ENERGY PERFORMANCE ASSESSMENT
OF COGENRATION SYSTEMS
• Cogeneration systems can be broadly classified as those using
steam turbines, Gas turbines and DG sets.
• Steam turbine cogeneration systems involve different types of
configurations with respect to mode of power generation such
as extraction, back pressure or a combination of backpressure,
extraction and condensing.
• Gas turbines with heat recovery steam generators is another
mode of cogeneration.
• Depending on power and steam load variations in the plant the
entire system is dynamic.
• A performance assessment would yield valuable insights into
cogeneration system performance and need for further
What is Cogeneration?
• A cogeneration system is the sequential or simultaneous
generation of multiple forms of useful energy (usually
mechanical and thermal) in a single, integrated system.
• CHP systems consist of a number of individual
components – prime mover (heat engine), generator,
heat recovery, and electrical interconnection –
configured into an integrated whole.
• The type of equipment that drives the overall system
(i.e. the prime mover) typically identifies the CHP
• Prime movers for CHP systems include reciprocating
engines, combustion or gas turbines, steam turbines,
micro-turbines, and fuel cells.
• These prime movers are capable of burning a variety of
fuels, including natural gas, coal, oil, and alternative fuels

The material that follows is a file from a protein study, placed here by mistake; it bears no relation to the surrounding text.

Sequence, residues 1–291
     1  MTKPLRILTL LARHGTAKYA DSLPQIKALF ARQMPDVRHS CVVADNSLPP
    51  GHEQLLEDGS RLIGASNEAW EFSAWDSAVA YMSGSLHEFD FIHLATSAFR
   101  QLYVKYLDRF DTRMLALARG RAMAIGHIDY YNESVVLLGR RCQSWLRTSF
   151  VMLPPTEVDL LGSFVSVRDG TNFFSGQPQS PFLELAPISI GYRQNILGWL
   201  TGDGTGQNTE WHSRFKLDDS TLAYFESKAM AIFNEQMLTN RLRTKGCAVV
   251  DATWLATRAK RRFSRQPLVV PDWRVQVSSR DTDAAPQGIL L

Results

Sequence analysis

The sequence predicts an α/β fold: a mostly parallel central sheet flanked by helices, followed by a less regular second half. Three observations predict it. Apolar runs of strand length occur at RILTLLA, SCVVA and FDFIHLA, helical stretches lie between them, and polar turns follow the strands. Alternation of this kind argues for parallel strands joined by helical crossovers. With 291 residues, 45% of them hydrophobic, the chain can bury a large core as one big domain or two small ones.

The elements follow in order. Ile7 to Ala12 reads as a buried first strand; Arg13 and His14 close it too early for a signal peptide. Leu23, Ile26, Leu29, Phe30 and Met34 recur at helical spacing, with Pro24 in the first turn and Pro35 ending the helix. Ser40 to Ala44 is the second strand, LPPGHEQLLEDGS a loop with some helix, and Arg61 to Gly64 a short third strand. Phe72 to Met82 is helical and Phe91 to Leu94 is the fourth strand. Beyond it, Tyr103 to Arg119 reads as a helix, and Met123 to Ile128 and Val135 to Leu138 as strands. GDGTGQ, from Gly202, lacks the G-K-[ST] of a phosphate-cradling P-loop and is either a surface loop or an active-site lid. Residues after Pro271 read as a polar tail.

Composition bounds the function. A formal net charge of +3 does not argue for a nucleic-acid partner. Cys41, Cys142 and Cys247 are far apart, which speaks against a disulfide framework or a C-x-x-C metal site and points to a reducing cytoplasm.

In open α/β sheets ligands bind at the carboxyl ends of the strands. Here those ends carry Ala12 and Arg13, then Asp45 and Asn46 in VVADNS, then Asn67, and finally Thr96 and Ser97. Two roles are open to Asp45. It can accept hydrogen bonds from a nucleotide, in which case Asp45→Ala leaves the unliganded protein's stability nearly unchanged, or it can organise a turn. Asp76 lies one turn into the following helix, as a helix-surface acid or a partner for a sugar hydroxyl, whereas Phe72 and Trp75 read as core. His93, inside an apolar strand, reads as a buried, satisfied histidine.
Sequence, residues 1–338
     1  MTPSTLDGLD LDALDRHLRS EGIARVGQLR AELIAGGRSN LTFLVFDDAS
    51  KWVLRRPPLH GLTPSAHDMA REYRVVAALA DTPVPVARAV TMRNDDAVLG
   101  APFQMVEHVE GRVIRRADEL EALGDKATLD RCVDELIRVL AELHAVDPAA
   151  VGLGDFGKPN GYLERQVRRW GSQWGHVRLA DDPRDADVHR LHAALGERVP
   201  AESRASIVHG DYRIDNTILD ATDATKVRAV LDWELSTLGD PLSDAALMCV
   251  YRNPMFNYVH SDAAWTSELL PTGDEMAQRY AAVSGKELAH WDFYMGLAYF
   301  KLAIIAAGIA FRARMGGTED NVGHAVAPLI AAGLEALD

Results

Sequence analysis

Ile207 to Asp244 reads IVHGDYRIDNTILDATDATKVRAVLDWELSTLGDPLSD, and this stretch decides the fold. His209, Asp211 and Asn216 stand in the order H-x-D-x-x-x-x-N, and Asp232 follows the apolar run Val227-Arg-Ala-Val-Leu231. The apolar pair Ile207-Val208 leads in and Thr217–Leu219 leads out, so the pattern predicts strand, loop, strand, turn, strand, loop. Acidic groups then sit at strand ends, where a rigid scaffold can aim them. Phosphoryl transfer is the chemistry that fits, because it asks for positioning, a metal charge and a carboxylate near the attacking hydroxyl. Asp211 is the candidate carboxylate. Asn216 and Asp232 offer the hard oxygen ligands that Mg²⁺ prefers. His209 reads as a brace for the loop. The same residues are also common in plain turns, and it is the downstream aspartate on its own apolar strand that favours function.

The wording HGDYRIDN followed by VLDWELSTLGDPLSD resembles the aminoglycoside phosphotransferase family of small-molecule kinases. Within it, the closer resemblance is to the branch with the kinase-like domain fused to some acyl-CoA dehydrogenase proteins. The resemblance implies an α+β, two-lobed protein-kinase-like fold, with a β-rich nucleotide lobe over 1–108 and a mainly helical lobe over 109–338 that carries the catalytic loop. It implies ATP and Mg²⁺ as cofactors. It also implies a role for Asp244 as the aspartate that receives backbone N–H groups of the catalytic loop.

to produce shaft power or mechanical energy.
• Although mechanical energy from the prime mover is
most often used to drive a generator to produce electricity,
it can also be used to drive rotating equipment such as
compressors, pumps, and fans.
• Thermal energy from the system can be used in direct
process applications or indirectly to produce steam, hot
water, hot air for drying, orchilled water for process
The Benefits of Cogeneration
Provided the cogeneration is optimized in the way
described above (i.e. sized according to then heat
demand), the following benefits can be obtained:
• Increased efficiency of energy conversion and use
• Lower emissions to the environment, in particular of
CO2, the main greenhouse gas
• In some cases, biomass fuels and some waste materials
such as refinery gases, process or agricultural waste
(either anaerobically digested or gasified), are used.
These substances which serve as fuels for cogeneration
schemes, increases the cost-effectiveness and reduces
the need for waste disposal
• Large cost savings, providing additional
competitiveness for industrial and commercial users
while offering affordable heat for domestic users also
• An opportunity to move towards more decentralized